Ground-level ozone can be a bad thing
May 20, 2014
Prior to the major miracle of a lung transplant, I had emphysema and chronic bronchitis, also known as chronic obstructive pulmonary disease, or COPD. That means that my lung capacity was only a fraction of what it should have been, given my age, weight, etc. In my case it bottomed out at about 20 percent of normal.
It also meant that my respiratory system was super sensitive to air pollution in any form. That included such things as particulate matter like dust, carbon monoxide and ground-level ozone.
Ozone in the atmosphere protects us from the harmful effects of sunlight. Ozone at ground level can be a very bad thing, especially for those of us who have enough trouble breathing without any outside interference. Sunlight and hot weather combine with auto exhaust, gasoline vapors, industrial emissions and chemical solvents to form harmful levels of ozone. Ground-level ozone is the primary constituent of smog. When it is combined with the emissions from burning fireplaces or wood stoves, it can form a nasty soup of air. Those of you who still smoke simply add to the problem.
Many urban areas tend to have high levels of “bad” ozone, but even rural areas are subject to increased ozone levels because wind carries ozone and the pollutants that form it hundreds of miles away from their original sources.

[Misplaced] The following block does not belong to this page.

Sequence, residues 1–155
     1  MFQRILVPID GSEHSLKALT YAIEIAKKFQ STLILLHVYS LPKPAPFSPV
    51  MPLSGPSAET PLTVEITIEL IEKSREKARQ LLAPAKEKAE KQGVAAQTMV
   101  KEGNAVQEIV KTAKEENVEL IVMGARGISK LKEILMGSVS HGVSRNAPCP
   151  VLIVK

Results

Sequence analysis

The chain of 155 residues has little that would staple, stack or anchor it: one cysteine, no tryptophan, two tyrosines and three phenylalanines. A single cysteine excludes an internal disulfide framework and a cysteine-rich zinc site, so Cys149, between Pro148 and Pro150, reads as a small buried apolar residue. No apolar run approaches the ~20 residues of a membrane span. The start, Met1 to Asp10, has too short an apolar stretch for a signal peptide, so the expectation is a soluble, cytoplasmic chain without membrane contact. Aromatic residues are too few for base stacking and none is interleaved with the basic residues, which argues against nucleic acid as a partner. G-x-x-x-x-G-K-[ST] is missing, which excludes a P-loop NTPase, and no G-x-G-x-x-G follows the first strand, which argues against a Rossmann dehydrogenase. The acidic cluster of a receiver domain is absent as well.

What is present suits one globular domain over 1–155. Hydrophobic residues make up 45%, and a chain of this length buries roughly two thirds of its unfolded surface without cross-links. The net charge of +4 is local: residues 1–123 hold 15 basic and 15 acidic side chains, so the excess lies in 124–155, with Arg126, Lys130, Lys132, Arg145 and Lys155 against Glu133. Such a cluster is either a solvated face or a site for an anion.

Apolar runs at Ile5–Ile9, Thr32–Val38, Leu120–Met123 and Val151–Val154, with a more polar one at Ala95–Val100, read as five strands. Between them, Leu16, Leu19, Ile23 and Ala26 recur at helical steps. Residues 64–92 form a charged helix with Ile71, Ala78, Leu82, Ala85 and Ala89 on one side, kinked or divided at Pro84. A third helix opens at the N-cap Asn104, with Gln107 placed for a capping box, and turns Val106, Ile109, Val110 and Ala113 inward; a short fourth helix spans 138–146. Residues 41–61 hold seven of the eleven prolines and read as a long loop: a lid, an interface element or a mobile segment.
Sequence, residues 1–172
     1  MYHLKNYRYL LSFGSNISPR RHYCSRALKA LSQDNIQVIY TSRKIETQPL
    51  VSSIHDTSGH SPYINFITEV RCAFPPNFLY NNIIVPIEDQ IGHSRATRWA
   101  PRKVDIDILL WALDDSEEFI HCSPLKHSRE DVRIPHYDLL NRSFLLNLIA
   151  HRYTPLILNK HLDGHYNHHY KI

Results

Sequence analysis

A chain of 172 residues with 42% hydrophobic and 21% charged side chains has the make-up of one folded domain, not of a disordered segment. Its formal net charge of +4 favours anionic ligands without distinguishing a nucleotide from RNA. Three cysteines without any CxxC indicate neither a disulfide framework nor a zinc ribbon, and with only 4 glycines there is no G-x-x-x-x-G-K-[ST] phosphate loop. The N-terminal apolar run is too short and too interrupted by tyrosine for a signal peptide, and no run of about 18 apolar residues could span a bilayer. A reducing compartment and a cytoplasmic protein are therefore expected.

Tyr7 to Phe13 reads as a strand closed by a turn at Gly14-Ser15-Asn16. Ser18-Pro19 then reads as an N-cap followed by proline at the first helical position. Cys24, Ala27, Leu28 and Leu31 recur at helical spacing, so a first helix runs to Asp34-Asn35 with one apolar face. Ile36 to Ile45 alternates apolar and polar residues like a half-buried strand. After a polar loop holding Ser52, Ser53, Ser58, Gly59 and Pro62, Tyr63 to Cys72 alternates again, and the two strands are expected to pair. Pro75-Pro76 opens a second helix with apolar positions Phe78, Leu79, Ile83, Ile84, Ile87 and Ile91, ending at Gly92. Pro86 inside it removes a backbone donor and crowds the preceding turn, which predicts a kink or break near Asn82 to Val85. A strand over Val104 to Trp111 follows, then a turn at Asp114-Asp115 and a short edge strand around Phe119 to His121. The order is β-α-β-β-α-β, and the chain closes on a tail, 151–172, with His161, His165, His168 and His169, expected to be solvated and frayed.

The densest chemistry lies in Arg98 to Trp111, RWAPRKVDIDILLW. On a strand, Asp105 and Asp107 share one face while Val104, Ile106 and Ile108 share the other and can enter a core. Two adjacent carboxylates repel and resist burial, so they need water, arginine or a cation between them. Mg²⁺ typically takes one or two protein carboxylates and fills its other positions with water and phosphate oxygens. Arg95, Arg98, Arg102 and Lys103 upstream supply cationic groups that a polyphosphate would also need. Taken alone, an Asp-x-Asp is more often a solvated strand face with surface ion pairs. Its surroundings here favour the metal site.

When ground-level ozone is combined with the emissions from burning fireplaces or wood stoves, it can form a nasty soup of air. Those of you who still smoke simply add to the problem.
Exposure of 0.1 to 1 part per million of ozone in the air we breathe produces headaches, burning eyes and irritation to the respiratory passages, even in healthy lungs. One part per million is roughly equivalent to one second of time in approximately 11½ days.
Bad air effects all of us. As our population ages and the effects of tobacco use damage more and more lungs, it will become even more important to concentrate on improving the quality of our air.
Jim Nelson is a former Glenwood Springs resident who works with regional and national cardiovascular and lung organizations.